Manbearpig’s “Sustainable Capitalism”
In the WSJ. This oughtta be good. First of all, the opinion piece is called “A Manifesto For Sustainable Capitalism.” Note the word manifesto because I think it harkens us back to what inspires Gore.
Before the crisis and since, we and others have called for a more responsible form of capitalism, what we call sustainable capitalism: a framework that seeks to maximize long-term economic value by reforming markets to address real needs while integrating environmental, social and governance (ESG) metrics throughout the decision-making process.
Of course, you may wonder what “crises” Gore is talking about? Our crappy economy? The European meltown? No.
The disruptive threats now facing the planet are extraordinary: climate change, water scarcity, poverty, disease, growing income inequality, urbanization, massive economic volatility and more.
OK. Here’s the kicker:
Businesses cannot be asked to do the job of governments, but companies and investors will ultimately mobilize most of the capital needed to overcome the unprecedented challenges we now face.
“Busineesses cannot be asked to do the job of governments.” That’s a scary phrase. What is the job of government? Those “jobs” that businesses will have to pay for? More on that later.
Next, Gore and his co-writer go on and on about what “sustainable capitalism” will do for us; increase a company’s profits, saves company money, lowers a company’s debt. Apparently, investors will make more money too! This is the greatest thing I’ve ever heard of!!! TELL ME HOW TO DO IT!!
Of course, he never really explains it in the article. He basically blabs on about reporting earnings, and “stranded assets” (he mentions carbon credits here), and integrated reported, and I’m wondering when Al Gore ever ran a business that wasn’t sucking on the government tit.
I googled “Sustainable Capitalism” and what do you know? Al Gore and his partner wrote an article about it just LAST MONTH for the WSJ. There, we find the genius has identified the woes to our economy:
Indeed, the past year, and certainly the past two months, has reinforced our view on sustainability. While certainly not a complete list, the causes of the current financial crisis include: short-termism (including but not limited to increased leverage), poor governance and regulation, misaligned compensation and incentive systems, lack of transparency, and in some firms, poor leadership and a dysfunctional business culture.
Oh, there’s more:
Business — and by extension the capital markets — need to change. We are too focused on the short term: quarterly earnings, instant opinion polls, rampant consumerism and living beyond our means.
Of course, as a member of the 1%, that is just a tad condescending.
Can I finally figure out what sustainable capitalism is?
We also need to internalize externalities — starting with a price on carbon. The longer we delay the internalization of this obviously material cost, the greater risk the economy faces from investing in high carbon content, “sub-prime” assets. Such investments ignore the reality of the climate crisis and its consequences for business. And as Jonathan Lash, president of the World Resources Institute recently said: “Nature does not do bailouts.”
Oh, there it is.
Al Gore is the chair of Generation Investment Management, which encourages investment in
Green tech sustainable businesses.
Last year Mr Gore’s venture capital firm loaned a small California firm $75m to develop energy-saving technology.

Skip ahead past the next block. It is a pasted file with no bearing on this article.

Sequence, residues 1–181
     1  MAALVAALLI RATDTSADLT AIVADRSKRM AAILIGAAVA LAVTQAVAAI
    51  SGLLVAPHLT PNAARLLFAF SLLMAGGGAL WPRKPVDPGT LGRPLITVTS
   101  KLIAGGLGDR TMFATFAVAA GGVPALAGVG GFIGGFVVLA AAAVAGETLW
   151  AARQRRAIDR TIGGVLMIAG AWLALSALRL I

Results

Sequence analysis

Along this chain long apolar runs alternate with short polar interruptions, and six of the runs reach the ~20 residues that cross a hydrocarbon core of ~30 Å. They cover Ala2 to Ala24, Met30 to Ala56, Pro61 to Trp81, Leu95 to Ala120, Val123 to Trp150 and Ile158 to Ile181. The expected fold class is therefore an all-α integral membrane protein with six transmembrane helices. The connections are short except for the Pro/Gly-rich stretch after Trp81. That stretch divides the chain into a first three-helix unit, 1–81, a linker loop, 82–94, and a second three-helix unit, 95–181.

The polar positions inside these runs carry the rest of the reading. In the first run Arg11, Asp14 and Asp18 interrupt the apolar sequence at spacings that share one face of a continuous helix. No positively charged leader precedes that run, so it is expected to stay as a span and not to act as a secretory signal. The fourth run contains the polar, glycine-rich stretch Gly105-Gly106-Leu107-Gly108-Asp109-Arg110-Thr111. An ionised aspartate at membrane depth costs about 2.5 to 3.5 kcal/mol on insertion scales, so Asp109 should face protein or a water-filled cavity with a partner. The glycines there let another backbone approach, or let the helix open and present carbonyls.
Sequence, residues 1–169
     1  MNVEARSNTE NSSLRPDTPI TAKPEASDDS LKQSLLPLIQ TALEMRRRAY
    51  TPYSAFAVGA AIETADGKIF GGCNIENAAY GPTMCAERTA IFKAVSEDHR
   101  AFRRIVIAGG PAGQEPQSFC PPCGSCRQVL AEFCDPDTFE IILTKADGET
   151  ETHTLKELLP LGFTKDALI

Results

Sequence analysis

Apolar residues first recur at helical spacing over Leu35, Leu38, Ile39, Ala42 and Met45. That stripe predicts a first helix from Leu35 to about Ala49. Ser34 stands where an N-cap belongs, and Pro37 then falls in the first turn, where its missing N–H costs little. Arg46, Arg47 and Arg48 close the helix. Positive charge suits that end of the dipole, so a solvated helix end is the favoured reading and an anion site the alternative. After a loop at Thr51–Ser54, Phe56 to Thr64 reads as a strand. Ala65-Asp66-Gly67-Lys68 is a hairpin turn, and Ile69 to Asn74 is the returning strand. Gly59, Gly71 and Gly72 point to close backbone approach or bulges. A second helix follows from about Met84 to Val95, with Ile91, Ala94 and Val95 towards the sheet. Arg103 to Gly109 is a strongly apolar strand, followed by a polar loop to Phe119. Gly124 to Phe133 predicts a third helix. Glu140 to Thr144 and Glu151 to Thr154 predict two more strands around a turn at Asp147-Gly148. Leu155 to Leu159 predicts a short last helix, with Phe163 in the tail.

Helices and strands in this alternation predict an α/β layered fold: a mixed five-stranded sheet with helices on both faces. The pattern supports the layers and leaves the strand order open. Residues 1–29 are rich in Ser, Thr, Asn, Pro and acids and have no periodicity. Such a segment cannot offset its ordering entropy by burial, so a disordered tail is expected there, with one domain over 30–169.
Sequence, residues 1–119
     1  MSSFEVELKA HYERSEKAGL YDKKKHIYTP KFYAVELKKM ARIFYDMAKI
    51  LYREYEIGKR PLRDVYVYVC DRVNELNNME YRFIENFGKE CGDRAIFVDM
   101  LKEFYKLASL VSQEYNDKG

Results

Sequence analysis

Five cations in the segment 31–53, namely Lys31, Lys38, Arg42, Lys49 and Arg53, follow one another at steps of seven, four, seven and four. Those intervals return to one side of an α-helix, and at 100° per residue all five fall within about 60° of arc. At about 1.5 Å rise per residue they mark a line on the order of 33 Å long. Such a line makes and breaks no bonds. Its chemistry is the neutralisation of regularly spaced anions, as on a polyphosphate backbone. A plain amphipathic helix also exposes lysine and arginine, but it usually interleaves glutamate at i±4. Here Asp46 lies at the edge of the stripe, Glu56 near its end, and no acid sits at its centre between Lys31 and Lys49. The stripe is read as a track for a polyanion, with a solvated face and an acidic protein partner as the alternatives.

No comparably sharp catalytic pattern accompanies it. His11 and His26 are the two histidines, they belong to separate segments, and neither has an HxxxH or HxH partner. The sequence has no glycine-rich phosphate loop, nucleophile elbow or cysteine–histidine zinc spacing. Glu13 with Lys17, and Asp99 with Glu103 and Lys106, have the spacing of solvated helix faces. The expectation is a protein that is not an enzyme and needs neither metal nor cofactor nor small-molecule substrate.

The company, Silver Spring Networks, produces hardware and software to make the electricity grid more efficient.
The deal appeared to pay off in a big way last week, when the Energy Department announced $3.4 billion in smart grid grants, the New York Times reports. Of the total, more than $560 million went to utilities with which Silver Spring has contracts.
This – from 09 – is heralded as some great triumph of Sustainable Capitalism. Gore’s firm loaned the company $75 million and now stands to recoup that many times over, NOT because the company is successful on it’s own but BECAUSE THE GOVERNMENT GAVE THEM THE MONEY.
Critics, mostly on the political right and among global warming sceptics, say Mr. Gore is poised to become the world’s first “carbon billionaire,” profiteering from government policies he supports that would direct billions of dollars to the business ventures he has invested in.
The critics are right.
Mr Gore had said that he is simply putting his money where his mouth is.
Yea, and then using his connections and clout to insure that his investments pay off.
Al Gore’s vision of Sustainable Capitalism is more like Crony Capitalism.
The use of government funds to support private entities whose investors have political connection is crony capitalism, which distorts the free-market system,” said said Deneen Borelli, who serves as a full-time fellow of the National Center-sponsored African-American leadership group Project 21.
And even more government money has been handed out indirectly to aid Silver Springs Network:
In addition to the $529 million loan to Fisker Automotive, Silver Spring Networks, a company developing a smart electricity grid, will also benefit from the clean energy stimulus grants. According to the New York Times, about $560 million of smart grid grants awarded by the Energy Department “went to utilities with which Silver Spring has contracts.” Gore and Doerr, the latter of whom is a member of President Obama’s jobs panel, have close political connections with the Administration.
I think Sustainable Capitalism is all about sustaining AlGore. Apparently it works like this: you get a job in Washington D.C., preferably as an elected official, and then you use your power- and the taxpayers money- to enrich yourself either WHILE you are in office or after. The “sustainable” part comes in when the government awards a company you invested in with some dope $$$. This is the role of government.